Micro.blog

dancohen
dancohen

New on my blog: “Engagement Is the Enemy of Serendipity”—a seemingly minor change to the New York Times iPad app provides a good case study in what’s wrong with the algorithmic personalization of our media, and why we need to bump into the unexpected.

lmullen
lmullen

@dancohen I like the post, Dan. A few quick thoughts.

(1) This is a nice addition to the running list I'm keeping of "things tech bros worry about that scholars can do differently." (Needs a better title.)

(2) That word serendipity keeps popping up. Mike O'Malley has got me thinking about it recently too.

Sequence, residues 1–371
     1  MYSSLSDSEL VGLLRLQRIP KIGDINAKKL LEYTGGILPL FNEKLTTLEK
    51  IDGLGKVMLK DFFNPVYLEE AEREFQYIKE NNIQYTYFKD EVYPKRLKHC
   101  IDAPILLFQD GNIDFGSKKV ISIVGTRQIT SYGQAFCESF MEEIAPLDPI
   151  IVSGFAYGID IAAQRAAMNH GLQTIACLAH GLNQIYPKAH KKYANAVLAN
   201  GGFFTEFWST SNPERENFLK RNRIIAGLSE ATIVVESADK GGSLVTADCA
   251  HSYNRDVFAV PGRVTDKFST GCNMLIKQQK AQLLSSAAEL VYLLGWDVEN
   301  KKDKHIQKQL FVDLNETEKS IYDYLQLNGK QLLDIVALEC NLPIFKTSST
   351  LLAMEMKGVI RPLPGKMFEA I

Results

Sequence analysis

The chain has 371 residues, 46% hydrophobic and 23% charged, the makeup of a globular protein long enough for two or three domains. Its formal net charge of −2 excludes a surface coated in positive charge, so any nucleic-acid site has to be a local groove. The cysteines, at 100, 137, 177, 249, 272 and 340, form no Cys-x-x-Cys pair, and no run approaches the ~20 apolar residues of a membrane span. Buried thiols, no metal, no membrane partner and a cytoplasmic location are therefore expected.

(3) "For You” sections don't ever work for me because, well, I don't really like myself. 😀

lmullen
lmullen

@dancohen Suppose we were trying to evaluate a digital history project. Is "engagement" one good measure of its value? Or is there a better way of conceptualizing the idea that term is supposed to capture?

dancohen
dancohen

@lmullen Thanks for the response. I would add to your list @brentsimmons’ recent post “No Algorithms.” In general, I’m trying to define “serendipity” better and to retrieve it from the clutches of those techies who may think that For You is serendipity, or to think about what healthy serendipity is vs. unhealthy. I’m sure that @ayjay will cover the presentism I mention much more rigorously in his forthcoming book. On impact measurement, I recommend Europeana’s Impact Playbook, which tries to get away from page views, engagement, and the like.

lmullen
lmullen

@dancohen Cool. Thanks for the link!

sproutlight
sproutlight